KELLERMAN:  Higher standard, Tucker. 

CARLSON:  That was a good try, though.

Should dancing be a crime?  A New York state judge says it should be.  A judge dismissed a lawsuit that sought to allow to allow private social dancing in all New York City bars, clubs and restaurants.  Confused?  Well, the strange Prohibition-era cabaret law bans dancing in many New York City bars.  The lawsuit argued the no dancing law infringes on freedom of expression.  The law—the judge disagreed.  I say let the kids dance, Max.

Meanwhile, you like being able to do the Macarena only in the privacy of your own home.  Presumably you‘re against this. 

KELLERMAN:  That is the electric boogie, Tucker. 

CARLSON:  Higher stander.  The bottom line is this is a way—this is an invitation to graft and corruption.  Right?  These dumb laws like this are an invitation to cops to take pay offs to allow people to dance in bars.  It‘s the oldest scheme in New York.  They ought to change the law and then get rid of the temptation. 

KELLERMAN:  The problem is you‘re talking about a bar not a club.  If you allow dancing in the bar, it‘s automatically a club.  You know, you can sell alcohol for instance.  It‘s not illegal to sell alcohol.  You can‘t sell alcohol at a record store.  Just two different entities.  Right?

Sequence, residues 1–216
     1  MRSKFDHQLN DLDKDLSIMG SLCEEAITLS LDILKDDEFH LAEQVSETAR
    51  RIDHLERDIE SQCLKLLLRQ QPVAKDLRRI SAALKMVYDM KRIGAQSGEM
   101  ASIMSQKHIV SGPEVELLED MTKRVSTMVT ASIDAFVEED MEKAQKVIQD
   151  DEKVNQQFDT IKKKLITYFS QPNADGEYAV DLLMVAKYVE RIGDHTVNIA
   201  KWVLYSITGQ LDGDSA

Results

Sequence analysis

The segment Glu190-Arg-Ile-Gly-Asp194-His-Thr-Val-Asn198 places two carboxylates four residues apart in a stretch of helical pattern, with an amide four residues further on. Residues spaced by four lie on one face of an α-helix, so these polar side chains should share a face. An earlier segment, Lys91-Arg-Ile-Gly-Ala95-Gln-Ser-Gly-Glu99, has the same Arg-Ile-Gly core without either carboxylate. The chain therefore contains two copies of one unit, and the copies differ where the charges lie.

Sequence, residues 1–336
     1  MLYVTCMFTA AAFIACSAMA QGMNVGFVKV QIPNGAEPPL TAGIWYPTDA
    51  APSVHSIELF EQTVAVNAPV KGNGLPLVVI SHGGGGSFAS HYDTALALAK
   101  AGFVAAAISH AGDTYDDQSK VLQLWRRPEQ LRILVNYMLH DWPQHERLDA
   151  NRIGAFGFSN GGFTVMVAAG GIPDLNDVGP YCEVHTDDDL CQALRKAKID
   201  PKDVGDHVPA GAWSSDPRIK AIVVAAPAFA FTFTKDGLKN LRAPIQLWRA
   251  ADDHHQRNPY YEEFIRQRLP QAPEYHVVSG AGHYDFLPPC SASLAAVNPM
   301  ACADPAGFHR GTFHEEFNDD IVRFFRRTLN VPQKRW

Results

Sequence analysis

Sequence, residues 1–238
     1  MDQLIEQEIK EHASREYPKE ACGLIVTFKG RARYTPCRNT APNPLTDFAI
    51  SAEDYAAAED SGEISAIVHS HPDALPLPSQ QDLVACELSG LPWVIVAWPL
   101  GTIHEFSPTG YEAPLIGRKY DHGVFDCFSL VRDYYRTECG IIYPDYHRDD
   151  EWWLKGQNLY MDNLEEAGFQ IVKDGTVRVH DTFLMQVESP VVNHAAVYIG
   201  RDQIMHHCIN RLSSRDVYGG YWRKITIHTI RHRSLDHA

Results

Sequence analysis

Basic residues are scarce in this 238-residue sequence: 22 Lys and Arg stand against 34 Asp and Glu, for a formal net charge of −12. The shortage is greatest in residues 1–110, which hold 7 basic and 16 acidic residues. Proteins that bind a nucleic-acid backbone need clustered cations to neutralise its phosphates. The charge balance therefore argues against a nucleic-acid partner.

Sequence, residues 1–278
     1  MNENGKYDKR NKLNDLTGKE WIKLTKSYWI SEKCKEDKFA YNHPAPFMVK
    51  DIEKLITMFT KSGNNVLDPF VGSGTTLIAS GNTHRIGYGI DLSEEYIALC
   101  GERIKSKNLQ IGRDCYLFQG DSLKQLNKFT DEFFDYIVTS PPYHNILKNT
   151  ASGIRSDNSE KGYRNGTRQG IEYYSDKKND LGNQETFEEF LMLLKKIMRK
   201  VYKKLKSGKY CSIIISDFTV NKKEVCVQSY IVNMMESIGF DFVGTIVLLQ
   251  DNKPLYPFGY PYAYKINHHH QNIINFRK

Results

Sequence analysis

CARLSON:  Why not?  Why shouldn‘t you be able to sell booze at a record store?  I think you should be able to sell alcohol—sell alcohol pretty much wherever you want.

KELLERMAN:   Well, there is—OK, fine, but that‘s a separate issue.  You can‘t.  I mean, there‘s freedom of speech that‘s protected.  That‘s one of the reasons, you know, you can‘t shut down people who want to sell books on the street.  Right?  Because it‘s freedom—it‘s a First Amendment issue, really.

But you can‘t just walk into a movie theater and start selling your books out of the movie theater.  It‘s a movie theater, not a book store.

CARLSON:  Right.

KELLERMAN:  This is not a club.  And if it were a club, if you allowed dancing and it just by default becomes a club, there are all kinds of attendant issues, noises, crowds.  There are levels of danger.  All kinds of issues.

CARLSON:  Danger?  Wait a second.  First of all, just for the record if I have a movie theater and I want to sell books in my movie theater I get to do that if I want to. 

KELLERMAN:  Yes.  That was a bad example. 

CARLSON:  In the same way that if I have a bar and I want to allow people to jump around and do the Macarena, that‘s my problem.  If I bother the neighbors with noise, that‘s a separate issue.